Popping Pills

Feb 21, 2015

RAY: You're on a medication regime in which you are to take daily one tablet of A and one of B. So, you have two little pill containers. One says "Pill A," and one says "Pill B." You must be careful. Taking two or more B's can have unpleasant side effects, or can even be fatal. In order for the B to be effective, it must be accompanied by the A pill.

TOM: So, you gotta take one A and one B. Got it.

RAY: Right. You open up the A bottle and one A pill kind of jumps out into your palm. You open the B bottle, and you accidentally get two Bs falling out of the bottle. But here's the problem: They look exactly the same. Both kinds of pills are blue, they're the same size, they're the same weight. And as soon as they fall in there, they get mixed up, so now you have three pills, but you can't tell what the heck you’ve got. The pills cost a hundred bucks apiece, and you can't throw them away.

How can you make sure that you get your daily dose of A and B without wasting any of the pills?

RAY: You know that you have one A and two Bs. You just can't tell which is which. So let's add another A to the mix. Now you have two As and two Bs. You lay the four pills out in a row.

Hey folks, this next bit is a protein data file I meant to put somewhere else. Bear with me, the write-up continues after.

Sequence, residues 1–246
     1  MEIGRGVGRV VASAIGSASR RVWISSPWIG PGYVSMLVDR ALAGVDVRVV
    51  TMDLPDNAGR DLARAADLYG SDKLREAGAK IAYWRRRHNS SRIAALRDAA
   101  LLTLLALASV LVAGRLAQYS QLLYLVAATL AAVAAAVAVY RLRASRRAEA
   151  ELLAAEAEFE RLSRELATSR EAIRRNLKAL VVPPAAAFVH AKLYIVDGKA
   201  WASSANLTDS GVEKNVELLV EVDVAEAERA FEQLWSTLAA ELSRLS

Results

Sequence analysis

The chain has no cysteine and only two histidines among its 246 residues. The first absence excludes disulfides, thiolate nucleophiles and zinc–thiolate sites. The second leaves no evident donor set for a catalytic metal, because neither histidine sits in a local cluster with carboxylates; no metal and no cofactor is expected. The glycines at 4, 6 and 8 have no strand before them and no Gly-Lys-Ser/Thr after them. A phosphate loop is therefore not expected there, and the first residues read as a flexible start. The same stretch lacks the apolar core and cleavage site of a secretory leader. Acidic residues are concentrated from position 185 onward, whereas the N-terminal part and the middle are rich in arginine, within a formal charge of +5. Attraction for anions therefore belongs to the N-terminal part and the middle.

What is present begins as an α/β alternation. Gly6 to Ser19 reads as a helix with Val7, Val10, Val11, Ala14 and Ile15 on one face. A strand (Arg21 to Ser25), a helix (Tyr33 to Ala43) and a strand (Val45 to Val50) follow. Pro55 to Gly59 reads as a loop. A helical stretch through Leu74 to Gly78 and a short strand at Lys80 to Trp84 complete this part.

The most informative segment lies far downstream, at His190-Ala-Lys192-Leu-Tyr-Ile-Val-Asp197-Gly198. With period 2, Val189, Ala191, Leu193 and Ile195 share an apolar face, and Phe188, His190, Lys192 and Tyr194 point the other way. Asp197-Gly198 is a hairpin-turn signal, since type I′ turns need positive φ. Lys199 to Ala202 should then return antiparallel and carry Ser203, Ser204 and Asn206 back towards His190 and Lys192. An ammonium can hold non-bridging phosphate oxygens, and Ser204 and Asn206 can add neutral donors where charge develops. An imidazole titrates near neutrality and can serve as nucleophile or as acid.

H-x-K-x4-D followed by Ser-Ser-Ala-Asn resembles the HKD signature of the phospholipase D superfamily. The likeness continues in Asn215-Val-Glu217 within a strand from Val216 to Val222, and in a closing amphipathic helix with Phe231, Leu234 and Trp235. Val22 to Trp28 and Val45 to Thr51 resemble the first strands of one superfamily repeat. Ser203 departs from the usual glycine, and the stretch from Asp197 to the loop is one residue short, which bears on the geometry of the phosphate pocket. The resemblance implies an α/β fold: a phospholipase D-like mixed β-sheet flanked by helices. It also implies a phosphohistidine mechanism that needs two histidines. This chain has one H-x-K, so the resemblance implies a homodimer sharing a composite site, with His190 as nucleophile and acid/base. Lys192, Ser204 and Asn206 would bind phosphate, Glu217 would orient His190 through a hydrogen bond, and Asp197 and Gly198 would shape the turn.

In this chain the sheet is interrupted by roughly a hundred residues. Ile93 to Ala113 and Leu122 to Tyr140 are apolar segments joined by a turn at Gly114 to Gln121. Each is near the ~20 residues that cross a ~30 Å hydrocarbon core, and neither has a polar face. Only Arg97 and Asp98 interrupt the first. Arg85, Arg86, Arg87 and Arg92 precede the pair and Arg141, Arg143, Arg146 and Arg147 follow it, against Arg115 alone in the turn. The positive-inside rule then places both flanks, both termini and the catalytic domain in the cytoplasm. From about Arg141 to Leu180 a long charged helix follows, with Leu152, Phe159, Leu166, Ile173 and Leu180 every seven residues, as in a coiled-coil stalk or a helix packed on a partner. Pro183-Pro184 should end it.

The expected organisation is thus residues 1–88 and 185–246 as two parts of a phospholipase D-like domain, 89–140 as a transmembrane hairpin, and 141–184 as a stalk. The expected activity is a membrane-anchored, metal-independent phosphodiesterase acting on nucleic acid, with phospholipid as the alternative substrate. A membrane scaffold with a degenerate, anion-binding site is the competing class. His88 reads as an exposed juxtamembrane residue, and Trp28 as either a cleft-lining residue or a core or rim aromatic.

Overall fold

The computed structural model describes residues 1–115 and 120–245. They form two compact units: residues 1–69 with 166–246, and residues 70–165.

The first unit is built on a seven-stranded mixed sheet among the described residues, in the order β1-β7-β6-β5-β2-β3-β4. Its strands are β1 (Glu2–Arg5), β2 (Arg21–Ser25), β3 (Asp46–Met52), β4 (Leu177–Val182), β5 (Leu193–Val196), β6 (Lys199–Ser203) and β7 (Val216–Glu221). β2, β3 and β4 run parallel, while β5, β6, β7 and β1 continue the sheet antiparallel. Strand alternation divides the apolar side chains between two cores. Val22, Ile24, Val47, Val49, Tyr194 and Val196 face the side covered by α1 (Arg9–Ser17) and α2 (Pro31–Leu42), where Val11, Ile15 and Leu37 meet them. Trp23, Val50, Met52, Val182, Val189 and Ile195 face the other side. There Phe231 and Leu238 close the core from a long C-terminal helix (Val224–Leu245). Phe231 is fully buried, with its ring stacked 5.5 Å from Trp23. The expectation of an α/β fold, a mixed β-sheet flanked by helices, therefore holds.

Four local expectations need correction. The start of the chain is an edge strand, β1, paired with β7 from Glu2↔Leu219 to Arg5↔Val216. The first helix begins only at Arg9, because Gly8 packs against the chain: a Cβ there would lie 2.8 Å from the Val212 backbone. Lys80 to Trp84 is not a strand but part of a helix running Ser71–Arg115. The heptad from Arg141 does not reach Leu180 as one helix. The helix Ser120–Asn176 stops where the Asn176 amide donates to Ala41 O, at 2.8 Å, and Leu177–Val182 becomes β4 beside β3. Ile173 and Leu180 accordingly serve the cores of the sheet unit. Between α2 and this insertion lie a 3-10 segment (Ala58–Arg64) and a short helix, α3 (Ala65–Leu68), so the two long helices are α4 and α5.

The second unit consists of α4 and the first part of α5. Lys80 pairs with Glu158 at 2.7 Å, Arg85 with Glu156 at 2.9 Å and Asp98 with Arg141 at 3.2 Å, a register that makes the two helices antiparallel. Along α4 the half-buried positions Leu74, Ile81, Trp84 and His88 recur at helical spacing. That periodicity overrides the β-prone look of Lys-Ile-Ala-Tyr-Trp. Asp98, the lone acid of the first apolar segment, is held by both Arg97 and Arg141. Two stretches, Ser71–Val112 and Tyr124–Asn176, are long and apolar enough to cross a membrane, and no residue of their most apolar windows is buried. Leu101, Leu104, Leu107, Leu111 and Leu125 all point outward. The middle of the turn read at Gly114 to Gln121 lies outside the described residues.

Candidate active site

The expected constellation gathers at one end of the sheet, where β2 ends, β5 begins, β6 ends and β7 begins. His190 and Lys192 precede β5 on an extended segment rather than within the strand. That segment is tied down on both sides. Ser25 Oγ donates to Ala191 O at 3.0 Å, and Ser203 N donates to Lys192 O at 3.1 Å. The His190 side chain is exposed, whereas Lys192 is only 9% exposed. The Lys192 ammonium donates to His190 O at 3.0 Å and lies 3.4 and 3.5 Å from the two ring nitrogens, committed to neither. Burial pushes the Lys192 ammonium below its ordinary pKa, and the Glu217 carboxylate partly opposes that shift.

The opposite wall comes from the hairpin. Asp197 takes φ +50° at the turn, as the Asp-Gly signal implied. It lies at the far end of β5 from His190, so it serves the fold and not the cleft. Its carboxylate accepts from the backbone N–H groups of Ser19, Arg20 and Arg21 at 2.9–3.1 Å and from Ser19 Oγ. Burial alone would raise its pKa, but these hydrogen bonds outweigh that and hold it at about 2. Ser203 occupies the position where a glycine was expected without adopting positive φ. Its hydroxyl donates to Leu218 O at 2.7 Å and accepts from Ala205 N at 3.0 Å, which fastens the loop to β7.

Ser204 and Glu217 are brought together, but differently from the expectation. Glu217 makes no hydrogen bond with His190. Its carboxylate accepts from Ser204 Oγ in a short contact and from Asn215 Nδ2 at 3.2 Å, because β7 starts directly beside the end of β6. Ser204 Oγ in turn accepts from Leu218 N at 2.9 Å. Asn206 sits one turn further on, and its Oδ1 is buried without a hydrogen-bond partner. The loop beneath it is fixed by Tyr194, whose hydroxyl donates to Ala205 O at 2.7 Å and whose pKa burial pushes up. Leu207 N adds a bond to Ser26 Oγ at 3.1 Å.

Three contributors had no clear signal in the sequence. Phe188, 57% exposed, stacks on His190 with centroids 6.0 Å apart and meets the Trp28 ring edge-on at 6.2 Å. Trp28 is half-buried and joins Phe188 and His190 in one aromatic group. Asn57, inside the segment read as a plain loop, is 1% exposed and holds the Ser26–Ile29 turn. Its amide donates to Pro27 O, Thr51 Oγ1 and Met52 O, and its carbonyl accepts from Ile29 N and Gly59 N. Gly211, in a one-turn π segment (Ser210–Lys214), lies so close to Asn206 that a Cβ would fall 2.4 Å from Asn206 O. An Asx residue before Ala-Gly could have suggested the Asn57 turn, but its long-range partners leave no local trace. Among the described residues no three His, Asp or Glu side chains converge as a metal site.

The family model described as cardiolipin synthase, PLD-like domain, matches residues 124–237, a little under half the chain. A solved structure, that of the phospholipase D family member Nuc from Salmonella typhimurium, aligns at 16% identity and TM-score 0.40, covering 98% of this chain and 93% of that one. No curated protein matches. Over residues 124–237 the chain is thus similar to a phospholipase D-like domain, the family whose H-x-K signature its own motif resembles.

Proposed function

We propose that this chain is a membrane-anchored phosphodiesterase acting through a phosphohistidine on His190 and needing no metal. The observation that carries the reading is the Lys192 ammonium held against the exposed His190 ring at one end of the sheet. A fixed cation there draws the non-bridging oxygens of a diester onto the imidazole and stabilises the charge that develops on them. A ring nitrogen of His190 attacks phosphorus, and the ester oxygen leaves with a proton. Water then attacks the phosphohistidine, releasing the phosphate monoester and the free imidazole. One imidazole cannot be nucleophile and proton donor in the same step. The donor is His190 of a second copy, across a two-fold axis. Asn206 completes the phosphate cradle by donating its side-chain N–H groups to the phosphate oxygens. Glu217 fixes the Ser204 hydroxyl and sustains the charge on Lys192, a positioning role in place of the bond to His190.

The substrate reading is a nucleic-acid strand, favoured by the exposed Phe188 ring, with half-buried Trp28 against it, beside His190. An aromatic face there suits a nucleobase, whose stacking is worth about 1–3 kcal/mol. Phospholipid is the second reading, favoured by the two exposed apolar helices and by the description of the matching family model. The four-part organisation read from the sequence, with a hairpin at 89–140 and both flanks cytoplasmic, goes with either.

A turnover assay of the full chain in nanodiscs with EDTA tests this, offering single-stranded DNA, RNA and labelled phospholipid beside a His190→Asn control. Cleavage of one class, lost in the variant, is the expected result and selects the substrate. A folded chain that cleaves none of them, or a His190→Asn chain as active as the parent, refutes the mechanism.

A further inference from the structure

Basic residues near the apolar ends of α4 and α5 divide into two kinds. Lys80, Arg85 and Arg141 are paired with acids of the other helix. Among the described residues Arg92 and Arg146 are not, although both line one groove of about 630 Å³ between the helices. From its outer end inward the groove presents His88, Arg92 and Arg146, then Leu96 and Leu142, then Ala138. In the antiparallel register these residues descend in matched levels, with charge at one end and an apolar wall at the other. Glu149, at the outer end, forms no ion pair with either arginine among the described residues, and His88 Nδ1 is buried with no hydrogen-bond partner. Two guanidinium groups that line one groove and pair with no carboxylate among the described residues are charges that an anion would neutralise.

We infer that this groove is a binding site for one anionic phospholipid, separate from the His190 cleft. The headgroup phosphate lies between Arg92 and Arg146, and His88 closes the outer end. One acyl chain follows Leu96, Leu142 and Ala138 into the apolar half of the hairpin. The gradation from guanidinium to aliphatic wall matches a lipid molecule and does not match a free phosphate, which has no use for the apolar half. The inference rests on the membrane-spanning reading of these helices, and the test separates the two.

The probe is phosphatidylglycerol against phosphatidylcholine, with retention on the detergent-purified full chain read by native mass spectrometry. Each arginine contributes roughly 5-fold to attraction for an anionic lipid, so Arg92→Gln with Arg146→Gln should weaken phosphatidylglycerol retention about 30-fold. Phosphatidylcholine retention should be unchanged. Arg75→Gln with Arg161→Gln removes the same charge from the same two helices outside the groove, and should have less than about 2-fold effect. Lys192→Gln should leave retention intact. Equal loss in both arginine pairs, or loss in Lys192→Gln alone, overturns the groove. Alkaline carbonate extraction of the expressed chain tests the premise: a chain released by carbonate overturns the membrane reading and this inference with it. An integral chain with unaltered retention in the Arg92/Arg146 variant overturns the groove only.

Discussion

Take each pill and cut it in half without mixing up the halves. In other words, the first pill you cut in half, you leave those two halves near each other. And the same thing with the second, the third, and the fourth pill. And then you take one from each of the cut pills.

TOM: A half a pill from each of the pairs.

RAY: Right. So, by definition, because you know you have two As and two Bs in the mix, you'll take a half an A from one of the cut pills, and a half a B, and then another half an A, and then another half a B, and you'll have two half Bs and two half As, making one A and one B, and then the remaining cut pieces will be tomorrow's dose. Who's our winner, Tommy?

TOM: Congratulations to Tom Mallon from Santa Clara, California!                                                   

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